HATHA YOGA is that branch of the Science of Yoga which teaches how to conquer hunger, thirst, and sleep; how to overcome the effects of heat and cold; how to gain perfect health and cure disease without using drugs; how to arrest the untimely decay of the body resulting from the waste of vital energy; how to preserve youth even at the age of one hundred without having a single hair turn grey, and how thus to prolong life in this body for an indefinite period. Anyone who practices it will in the course of time acquire marvellous powers; powers indeed, which must dumbfound a psychologist or anatomist.
A few years ago a Hatha Yogi was brought to England. Although in middle
life he looked like a boy of eighteen. Not only was his physical condition perfect, but through practice he had mastered eighty-four postures of the body. He could bend his limbs in so astonishing a way that it seemed as if his joints must be unattached, while his bones were as though made of some elastic substance. Many English physicians and surgeons came to see him and were amazed at the extraordinary positions of his limbs. They brought a skeleton and tried to fix its bones in the same positions, but could not do so without breaking them. Afterwards they reached the conclusion that if the bones were once fixed in those positions the limbs would be unfitted for any kind of work. Yet the example of the Yogi openly contradicted their statements. His limbs were strong and of good use to him in every possible way. He could walk,
lift heavy weights, and move about with absolute ease. The writer himself saw him in India, and also other Hatha Yogis who could accomplish equally wonderful feats. The primary object of these various postures described in Hatha Yoga is to gain control over the involuntary muscles of the body, which is impossible to the ordinary man. We all possess this power latent within us, but the Hatha Yogis were the first to discover a scientific method by which it could be developed.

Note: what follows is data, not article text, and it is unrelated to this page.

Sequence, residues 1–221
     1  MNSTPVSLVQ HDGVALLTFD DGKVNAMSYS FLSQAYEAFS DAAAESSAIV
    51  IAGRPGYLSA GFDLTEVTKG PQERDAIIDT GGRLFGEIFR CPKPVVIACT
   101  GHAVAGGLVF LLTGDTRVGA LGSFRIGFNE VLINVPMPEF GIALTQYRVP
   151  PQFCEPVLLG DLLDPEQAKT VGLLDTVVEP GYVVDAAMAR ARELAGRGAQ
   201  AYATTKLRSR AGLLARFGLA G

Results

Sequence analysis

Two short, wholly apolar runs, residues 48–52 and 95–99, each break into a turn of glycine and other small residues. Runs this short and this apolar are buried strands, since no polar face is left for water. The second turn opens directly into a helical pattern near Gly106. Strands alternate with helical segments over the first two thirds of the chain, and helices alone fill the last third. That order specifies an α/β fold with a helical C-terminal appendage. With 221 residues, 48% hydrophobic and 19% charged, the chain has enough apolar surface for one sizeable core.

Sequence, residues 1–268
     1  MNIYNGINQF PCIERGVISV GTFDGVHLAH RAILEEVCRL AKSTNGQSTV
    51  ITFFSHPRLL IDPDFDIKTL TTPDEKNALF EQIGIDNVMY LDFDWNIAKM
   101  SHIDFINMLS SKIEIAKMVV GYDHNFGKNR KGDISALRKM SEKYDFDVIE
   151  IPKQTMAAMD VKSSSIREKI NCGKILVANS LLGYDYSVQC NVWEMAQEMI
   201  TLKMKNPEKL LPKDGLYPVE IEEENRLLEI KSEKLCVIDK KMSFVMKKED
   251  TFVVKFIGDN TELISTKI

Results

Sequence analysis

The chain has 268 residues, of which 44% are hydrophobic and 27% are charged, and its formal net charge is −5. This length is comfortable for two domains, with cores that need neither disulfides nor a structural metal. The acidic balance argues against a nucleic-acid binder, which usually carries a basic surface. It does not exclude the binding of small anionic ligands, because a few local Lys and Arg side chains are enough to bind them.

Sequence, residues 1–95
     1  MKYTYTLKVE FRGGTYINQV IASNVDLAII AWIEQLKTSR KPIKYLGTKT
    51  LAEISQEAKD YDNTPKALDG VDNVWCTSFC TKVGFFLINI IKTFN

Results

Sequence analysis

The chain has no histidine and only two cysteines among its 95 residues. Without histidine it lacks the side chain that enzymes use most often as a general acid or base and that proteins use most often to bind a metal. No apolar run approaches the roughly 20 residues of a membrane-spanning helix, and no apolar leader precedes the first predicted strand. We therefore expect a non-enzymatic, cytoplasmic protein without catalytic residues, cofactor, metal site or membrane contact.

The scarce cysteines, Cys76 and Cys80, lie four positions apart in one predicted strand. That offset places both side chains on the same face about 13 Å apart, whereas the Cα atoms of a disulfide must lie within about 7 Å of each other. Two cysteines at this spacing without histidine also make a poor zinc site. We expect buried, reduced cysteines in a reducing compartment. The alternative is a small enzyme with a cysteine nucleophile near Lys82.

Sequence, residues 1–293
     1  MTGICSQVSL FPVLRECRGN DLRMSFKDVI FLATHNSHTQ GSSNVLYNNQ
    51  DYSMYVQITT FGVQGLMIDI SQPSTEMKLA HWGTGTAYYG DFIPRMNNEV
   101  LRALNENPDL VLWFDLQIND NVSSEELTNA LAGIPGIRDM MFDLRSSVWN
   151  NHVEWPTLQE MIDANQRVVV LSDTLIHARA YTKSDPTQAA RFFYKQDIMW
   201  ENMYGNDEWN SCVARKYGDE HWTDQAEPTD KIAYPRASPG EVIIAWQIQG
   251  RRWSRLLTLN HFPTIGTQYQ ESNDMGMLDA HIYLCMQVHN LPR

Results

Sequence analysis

All Hatha Yogis eat very little, but they can also go entirely without food for days and even for months, and succeed in conquering sleep. The author knew of one who had not slept for twelve years, and who was nevertheless in perfect health. He has also seen a Hatha Yogi who usually ate, for instance, a piece of unleavened bread in twenty-four hours, and who refused to
wear warm clothing in the coldest winter weather, and yet who voluntarily worked hard as a street laborer without showing the least sign of fatigue. It may seem impossible to the majority of people, who have made themselves such slaves to sleep and food as to imagine that if they do not sleep eight or nine hours out of the twenty-four and eat pounds of flesh, they cannot live. Hatha Yogis are the living contradictions of such opinions. Perhaps the reader is familiar with the account of that Yogi who was buried alive for forty days in an hermetically sealed box, with a guard of English officers to watch the spot night and day. During these forty days the Yogi could neither eat, sleep, nor breathe, yet at their expiration he was brought back to consciousness without any ill effects and he lived for many years. 1
Then again these same Yogis who do not eat, sleep, or drink for a long period, can, if they wish, eat as much as ten persons at one time without suffering any unpleasant consequences. Of course they do not eat any kind of meat. They digest their food consciously, as it were. They claim that by a third eye they can, so to speak, see what is going on in their internal organs. Why should this seem incredible to us when the discovery of the Roentgen rays has proved everything to be transparent?
Some of the Hatha Yogis have extraordinary eyesight. They can not only perceive objects at a great distance, but can also see clearly in complete darkness, even being able to pick up a pin from the floor without the least glimmer of ordinary light to guide them. This will not appear so strange when we remember that there is invisible
light in the atmosphere of a perfectly dark room. If we can learn to use this atmospheric light, imperceptible to the common eye, and can develop our eyesight, there is no reason why we should not see things in the dark. The Yogis understand this and know the method by which the power of eyesight can be developed. As regards distinguishing objects at a great distance, this is not so difficult to believe since we know that there are persons living, not Yogis, who can see the moons of Jupiter without the help of any instrument.
This branch of optical science in Hatha Yoga is called in Sanskrit "Trâtaka" Yoga. It teaches, among other things, how, through gazing on one object and at the same time performing certain special breathing exercises, many optical maladies can be cured as well as the power of sight
strengthened. The authentic records of Hatha Yogis vouch for the fact that it produces many beneficial effects when properly practiced under the direction of a competent master of Hatha Yoga.